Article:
Also, notably, Arcam sold its first Inconel system in the third quarter. In July, the company launched Inconel 718 as a qualified material for use in its 3D printers. Inconel is a key aerospace metal. However, as Rene noted on the call, it will be at least two years before the company sees any Inconel systems ordered for production, rather than research and development, applications. This is because there's a long validation process involved due to the critical nature of aerospace components.

Negative cash flow in the the quarter, but solid balance sheet
While it's my opinion that investors don't need to be concerned, it bears noting that both operating and free cash flow for the quarter were negative. The company is investing heavily in research and development and beefing up staffing, both of which affect operating cash flow. Its acquisition of DiSanto for cash affected FCF. 

However, Arcam's balance sheet remains solid, with cash and cash equivalents of 249.5 million SEK, or about $34 million, and current liabilities of 176.6 million SEK, for a quick ratio of 1.4. And it has no long-term debt. 

This chart for the two-year period clearly shows that Arcam appears to be in no danger of burning through its cash. (FCF has been hovering in a tight range between about negative $3 million and positive $3 million.) AMAVF Cash and Equivalents (Quarterly) Chart

Data by YCharts

Arcam's results for year-to-date 2014
While Arcam posted great quarterly results, it's critical to view the company's performance through a wider time lens than just one quarter. This is a small company that sells relatively few pricey 3D printers each quarter, so quarterly revenue results can be very "lumpy," as a shifting of just one or two systems sales from one quarter to the next can make a big difference in year-over-year comparisons.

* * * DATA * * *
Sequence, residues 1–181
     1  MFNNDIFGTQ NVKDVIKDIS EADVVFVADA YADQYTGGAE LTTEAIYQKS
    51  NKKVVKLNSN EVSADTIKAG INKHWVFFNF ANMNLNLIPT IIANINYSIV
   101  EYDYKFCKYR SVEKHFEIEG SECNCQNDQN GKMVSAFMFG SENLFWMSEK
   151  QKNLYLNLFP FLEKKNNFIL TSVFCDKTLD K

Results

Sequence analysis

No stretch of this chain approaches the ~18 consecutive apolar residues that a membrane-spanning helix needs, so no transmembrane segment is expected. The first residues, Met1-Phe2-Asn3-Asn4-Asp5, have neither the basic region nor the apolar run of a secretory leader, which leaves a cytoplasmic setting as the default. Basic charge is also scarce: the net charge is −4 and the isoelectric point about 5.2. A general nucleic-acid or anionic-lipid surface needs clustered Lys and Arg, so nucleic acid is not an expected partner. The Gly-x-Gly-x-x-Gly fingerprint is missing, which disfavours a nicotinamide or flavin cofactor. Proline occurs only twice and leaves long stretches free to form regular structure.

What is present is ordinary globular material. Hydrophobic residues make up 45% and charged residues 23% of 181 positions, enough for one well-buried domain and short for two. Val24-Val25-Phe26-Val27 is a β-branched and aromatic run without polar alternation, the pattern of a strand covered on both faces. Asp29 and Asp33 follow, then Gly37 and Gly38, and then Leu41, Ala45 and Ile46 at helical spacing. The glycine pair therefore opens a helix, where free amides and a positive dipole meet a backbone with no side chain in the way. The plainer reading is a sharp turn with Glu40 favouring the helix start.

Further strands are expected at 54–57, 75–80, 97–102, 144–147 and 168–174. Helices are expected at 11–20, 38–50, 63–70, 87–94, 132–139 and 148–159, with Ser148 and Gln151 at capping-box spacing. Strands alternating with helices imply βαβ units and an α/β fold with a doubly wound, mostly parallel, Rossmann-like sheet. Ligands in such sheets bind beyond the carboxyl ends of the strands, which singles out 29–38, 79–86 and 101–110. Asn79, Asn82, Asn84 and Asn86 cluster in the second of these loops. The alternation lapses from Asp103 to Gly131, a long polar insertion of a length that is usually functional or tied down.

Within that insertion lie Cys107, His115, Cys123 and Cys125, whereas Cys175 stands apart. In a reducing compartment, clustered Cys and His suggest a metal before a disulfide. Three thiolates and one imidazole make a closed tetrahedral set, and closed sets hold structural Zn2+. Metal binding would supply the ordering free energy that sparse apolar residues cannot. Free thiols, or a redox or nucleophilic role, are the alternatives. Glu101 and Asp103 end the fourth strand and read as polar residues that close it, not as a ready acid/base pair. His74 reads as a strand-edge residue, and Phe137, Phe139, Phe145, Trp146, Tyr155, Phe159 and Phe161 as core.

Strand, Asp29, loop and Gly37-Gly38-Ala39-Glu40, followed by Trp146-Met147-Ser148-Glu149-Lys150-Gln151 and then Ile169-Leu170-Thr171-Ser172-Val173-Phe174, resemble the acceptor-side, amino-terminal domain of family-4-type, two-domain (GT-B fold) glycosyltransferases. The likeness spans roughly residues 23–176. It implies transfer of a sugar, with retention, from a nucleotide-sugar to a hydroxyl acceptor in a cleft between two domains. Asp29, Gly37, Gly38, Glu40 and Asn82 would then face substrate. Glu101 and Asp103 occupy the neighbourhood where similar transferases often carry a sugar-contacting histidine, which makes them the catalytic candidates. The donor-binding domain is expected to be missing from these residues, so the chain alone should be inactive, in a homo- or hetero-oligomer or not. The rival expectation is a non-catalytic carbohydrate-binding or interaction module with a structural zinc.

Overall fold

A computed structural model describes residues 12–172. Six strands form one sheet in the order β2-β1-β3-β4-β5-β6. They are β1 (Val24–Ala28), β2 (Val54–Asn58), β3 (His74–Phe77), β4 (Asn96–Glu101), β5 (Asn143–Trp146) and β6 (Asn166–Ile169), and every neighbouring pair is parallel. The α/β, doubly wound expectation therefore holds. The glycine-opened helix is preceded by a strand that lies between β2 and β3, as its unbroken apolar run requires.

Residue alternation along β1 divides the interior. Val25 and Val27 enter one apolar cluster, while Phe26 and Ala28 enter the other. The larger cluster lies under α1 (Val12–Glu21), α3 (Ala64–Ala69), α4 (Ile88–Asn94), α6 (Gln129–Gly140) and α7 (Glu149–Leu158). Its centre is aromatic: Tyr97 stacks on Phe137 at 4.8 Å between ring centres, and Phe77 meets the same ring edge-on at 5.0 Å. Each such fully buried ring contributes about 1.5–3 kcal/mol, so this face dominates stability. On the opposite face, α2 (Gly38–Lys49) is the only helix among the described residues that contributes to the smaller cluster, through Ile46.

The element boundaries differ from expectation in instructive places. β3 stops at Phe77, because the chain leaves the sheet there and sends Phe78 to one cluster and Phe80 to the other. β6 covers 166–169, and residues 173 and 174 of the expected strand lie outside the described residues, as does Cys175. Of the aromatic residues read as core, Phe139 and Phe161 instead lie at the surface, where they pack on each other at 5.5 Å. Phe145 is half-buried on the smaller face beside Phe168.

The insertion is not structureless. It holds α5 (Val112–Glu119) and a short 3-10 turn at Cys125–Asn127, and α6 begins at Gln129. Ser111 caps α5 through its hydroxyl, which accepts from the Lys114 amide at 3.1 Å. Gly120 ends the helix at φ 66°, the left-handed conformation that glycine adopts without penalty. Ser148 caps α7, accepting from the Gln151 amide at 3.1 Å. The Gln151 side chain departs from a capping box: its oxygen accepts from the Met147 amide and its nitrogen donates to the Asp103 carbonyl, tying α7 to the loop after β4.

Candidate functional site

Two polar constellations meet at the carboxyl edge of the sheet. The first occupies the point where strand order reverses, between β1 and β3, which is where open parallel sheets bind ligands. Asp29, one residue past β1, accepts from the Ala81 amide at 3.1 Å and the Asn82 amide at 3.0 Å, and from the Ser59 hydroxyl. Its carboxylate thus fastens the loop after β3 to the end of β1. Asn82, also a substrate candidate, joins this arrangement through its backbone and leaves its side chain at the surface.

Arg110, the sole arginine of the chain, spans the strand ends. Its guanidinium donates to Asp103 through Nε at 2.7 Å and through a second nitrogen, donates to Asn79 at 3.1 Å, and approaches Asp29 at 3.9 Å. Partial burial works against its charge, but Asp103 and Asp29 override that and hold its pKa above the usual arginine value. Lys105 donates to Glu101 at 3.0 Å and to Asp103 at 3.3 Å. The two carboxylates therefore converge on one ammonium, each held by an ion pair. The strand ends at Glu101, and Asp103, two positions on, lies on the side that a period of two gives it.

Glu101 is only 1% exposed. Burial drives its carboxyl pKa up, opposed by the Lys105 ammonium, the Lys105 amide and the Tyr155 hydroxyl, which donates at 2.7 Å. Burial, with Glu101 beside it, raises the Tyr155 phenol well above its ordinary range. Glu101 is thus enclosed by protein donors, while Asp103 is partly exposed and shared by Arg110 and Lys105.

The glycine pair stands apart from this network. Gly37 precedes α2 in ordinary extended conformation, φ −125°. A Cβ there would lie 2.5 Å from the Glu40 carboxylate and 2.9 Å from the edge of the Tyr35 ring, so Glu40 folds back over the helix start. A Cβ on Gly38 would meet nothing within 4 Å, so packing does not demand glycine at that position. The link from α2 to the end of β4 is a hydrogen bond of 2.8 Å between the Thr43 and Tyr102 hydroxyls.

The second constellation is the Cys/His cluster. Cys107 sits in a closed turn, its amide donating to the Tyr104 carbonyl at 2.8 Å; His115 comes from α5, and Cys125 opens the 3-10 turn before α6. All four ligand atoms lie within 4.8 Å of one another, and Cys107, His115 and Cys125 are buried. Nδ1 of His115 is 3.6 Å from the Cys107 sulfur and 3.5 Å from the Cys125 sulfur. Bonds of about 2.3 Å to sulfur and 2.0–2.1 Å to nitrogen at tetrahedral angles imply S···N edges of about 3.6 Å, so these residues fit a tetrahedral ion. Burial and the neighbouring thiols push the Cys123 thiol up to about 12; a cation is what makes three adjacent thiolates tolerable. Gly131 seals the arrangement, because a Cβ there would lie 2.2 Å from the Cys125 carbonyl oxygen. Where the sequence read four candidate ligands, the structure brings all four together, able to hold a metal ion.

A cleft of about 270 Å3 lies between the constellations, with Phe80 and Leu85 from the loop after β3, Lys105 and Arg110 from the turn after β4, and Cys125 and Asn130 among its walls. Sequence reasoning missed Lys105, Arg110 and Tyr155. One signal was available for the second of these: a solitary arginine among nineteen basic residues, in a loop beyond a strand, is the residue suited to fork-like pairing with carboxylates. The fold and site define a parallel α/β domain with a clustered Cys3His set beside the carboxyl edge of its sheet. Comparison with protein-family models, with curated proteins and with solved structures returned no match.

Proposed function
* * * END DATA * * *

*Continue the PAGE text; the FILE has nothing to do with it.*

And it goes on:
This phenomenon was at play in the Q2-Q3 period, due to the shipment delays previously discussed.

For a better picture of how Arcam is performing, here are key stats for the nine-month period from Jan. 1 through Sept. 30:

  • Revenue rose 52% to 201.8 million SEK, or $28 million. 
  • Net income increased to 42.1 million SEK, versus 7.8 million SEK in the year-ago period. (This includes a tax benefit of approximately 23 million SEK and nonrecurring costs associated with acquisitions of 9 million SEK. Excluding these effects, net income is 28.1 million SEK.) 
  • Earnings per share soared to 2.29 SEK, or $0.32, up from 0.49 SEK. 
  • EPS, excluding the one-time benefit and cost, were 1.53 SEK, or $0.21, versus 0.68 SEK, excluding nonrecurring costs of 3 million SEK, for the year-ago period. So, on an apples-to-apples* comparison basis, EPS rose about 125% from last year's period. (*I'd usually use the term "non-GAAP"; however, generally accepted accounting principles don't apply to Arcam because it's not listed on a major U.S. exchange. Arcam's stock is listed on the Nasdaq OMX Stockholm, though it trades over the counter in the U.S.) 
  • Twenty EBM systems were delivered, versus 15 in the year-ago period.
  • Twenty-one orders for EBM systems were received, versus 17 in the year-ago period. 

With growth of 52% in revenue and 125% in EPS, Arcam's doing well on a year-to-date basis.

Ge Turbine Blade

A 3D-printed titanium aluminide turbine blade. Source: Avio Aero.

News that bodes well for Q4 (and beyond) -- A "volume" order